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Dutch ichthyologist Pieter Bleeker first described the grey reef shark in 1856 as Carcharias (Prionodon) amblyrhynchos, in the scientific journal Natuurkundig Tijdschrift voor Nederlandsch-Indië. Later authors moved this species to the genus Carcharhinus. The type specimen was a 1.5 metres (4.9 ft)-long female from the Java Sea.[4] Other common names used for this shark around the world include black-vee whaler, bronze whaler, Fowler's whaler shark, graceful shark, graceful whaler shark, grey shark, grey whaler shark, longnose blacktail shark, school shark, and shortnose blacktail shark. Some of these names are also applied to other species.[2]
Juvenile Caribbean reef sharks are preyed upon by larger sharks such as the tiger shark (Galeocerdo cuvier) and the bull shark (C. leucas). Few parasites are known for this species; one is a dark variegated leech often seen trailing from its first dorsal fin.[4] Off northern Brazil, juveniles seek out cleaning stations occupied by yellownose gobies (Elacatinus randalli), which clean the sharks of parasites while they lie still on the bottom.[10] Horse-eye jacks (Caranx latus) and bar jacks (Carangoides ruber) routinely school around Caribbean reef sharks.[11]
Grey reef sharks are prey for larger sharks, such as the silvertip shark.[9] At Rangiroa Atoll in French Polynesia, great hammerheads (Sphyrna mokarran) feed opportunistically on grey reef sharks that are exhausted from pursuing mates.[15] Known parasites of this species include the nematode Huffmanela lata and several copepod species that attach to the sharks' skin,[16][17] and juvenile stages of the isopods Gnathia trimaculata and G. grandilaris that attach to the gill filaments and septa (the dividers between each gill).[18][19]
Reef Industries, Inc. is delighted to announce that November 2017 will mark the celebration of its 60th year in business. Founded in November 1957 by the late William D. Cameron, Reef Industries, Inc. was built on the foundation of being a reliable source of custom plastic laminate needs for our customers. Over the years, new technologies and innovations produced a variety of manufacturing techniques ultimately developing a wide range of products and material grades. With the introduction of these new product lines, the corporate identity of Reef Industries, Inc. was adopted in 1976. There is no time more fitting than now to thank our valued customers for their loyalty and support.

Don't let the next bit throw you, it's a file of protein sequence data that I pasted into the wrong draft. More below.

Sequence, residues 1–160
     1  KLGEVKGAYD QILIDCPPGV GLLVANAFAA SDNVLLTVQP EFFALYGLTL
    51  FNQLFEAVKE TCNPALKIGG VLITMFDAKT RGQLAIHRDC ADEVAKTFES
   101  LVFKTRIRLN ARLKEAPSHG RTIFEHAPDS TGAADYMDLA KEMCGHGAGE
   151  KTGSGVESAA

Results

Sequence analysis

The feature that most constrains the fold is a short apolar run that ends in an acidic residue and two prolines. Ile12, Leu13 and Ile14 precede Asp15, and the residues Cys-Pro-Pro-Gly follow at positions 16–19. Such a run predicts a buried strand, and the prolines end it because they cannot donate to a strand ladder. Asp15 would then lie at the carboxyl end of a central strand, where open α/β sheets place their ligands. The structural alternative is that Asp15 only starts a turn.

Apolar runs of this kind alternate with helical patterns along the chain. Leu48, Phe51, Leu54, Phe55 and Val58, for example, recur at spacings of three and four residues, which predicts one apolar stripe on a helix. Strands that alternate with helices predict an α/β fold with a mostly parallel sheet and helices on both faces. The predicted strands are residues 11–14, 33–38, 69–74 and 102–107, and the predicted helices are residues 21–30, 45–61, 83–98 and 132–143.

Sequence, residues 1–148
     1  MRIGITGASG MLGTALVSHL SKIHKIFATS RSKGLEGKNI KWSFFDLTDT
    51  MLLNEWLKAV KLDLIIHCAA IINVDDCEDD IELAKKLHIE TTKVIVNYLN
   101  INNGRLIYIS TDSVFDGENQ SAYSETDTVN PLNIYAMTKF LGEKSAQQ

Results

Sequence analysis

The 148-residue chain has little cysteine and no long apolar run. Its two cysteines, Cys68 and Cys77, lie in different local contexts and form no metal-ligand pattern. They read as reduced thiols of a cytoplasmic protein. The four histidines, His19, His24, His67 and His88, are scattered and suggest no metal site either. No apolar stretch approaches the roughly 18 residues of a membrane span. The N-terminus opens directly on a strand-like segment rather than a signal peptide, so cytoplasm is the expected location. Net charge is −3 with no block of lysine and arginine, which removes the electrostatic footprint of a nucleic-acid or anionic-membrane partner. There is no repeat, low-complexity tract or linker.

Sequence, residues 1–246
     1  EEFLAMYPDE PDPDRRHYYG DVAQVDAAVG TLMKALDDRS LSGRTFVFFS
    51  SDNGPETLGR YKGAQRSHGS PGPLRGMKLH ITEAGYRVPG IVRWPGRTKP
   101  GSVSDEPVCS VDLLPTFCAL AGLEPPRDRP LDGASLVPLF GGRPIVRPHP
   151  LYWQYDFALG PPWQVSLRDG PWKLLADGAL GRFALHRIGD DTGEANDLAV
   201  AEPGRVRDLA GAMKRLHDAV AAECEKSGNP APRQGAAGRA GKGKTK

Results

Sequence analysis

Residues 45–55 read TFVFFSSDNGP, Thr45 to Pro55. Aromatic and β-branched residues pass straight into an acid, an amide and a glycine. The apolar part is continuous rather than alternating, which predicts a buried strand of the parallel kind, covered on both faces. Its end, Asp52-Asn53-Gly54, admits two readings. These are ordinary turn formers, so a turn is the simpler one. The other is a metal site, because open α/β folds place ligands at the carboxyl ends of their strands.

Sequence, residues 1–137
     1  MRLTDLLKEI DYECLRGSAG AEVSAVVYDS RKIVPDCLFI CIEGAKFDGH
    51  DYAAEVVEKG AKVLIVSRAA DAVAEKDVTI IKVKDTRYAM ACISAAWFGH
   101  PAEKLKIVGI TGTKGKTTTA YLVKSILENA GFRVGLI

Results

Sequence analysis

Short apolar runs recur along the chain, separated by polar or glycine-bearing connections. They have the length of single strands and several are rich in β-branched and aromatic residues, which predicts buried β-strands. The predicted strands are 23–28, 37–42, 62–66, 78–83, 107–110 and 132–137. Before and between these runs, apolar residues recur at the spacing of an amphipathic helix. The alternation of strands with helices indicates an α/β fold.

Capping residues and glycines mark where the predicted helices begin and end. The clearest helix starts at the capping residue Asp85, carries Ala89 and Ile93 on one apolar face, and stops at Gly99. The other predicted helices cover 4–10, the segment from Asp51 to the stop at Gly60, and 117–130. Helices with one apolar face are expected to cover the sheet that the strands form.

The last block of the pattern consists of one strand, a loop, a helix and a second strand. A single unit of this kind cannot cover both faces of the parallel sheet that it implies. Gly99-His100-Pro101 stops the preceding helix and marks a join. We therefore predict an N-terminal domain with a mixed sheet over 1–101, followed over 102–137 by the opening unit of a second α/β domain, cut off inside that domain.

The Caribbean reef shark infrequently attacks humans. In general, a shark attack on a human is behaviorally similar to an attack upon natural prey. A human is more susceptible to being attacked if the shark is cornered and feels that there is no escape route. In situations like these, the shark may rake the victim during the attack resulting in lacerations.
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Grey reef sharks are fast-swimming, agile predators that feed primarily on free-swimming bony fishes and cephalopods. Their aggressive demeanor enables them to dominate many other shark species on the reef, despite their moderate size. Many grey reef sharks have a home range on a specific area of the reef, to which they continually return. However, they are social rather than territorial. During the day, these sharks often form groups of five to 20 individuals near coral reef drop-offs, splitting up in the evening as the sharks begin to hunt. Adult females also form groups in very shallow water, where the higher water temperature may accelerate their growth or that of their unborn young. Like other members of its family, the grey reef shark is viviparous, meaning the mother nourishes her embryos through a placental connection. Litters of one to six pups are born every other year.
These sharks prefer the shoreline from Florida to Brazil. This is where it gets the common name from. The tropical parts of the western Atlantic Ocean is home to this variety of sharks. Normally found on the outer edges of reefs, the Caribbean Reef Shark prefers to live in coral reefs and its shallow waters as well as continental shelves and insular shelves. These sharks are found quite commonly at a depth of about 100 feet (30 meters) and are known to dive to incredible depths of around 1250 feet (380 meters).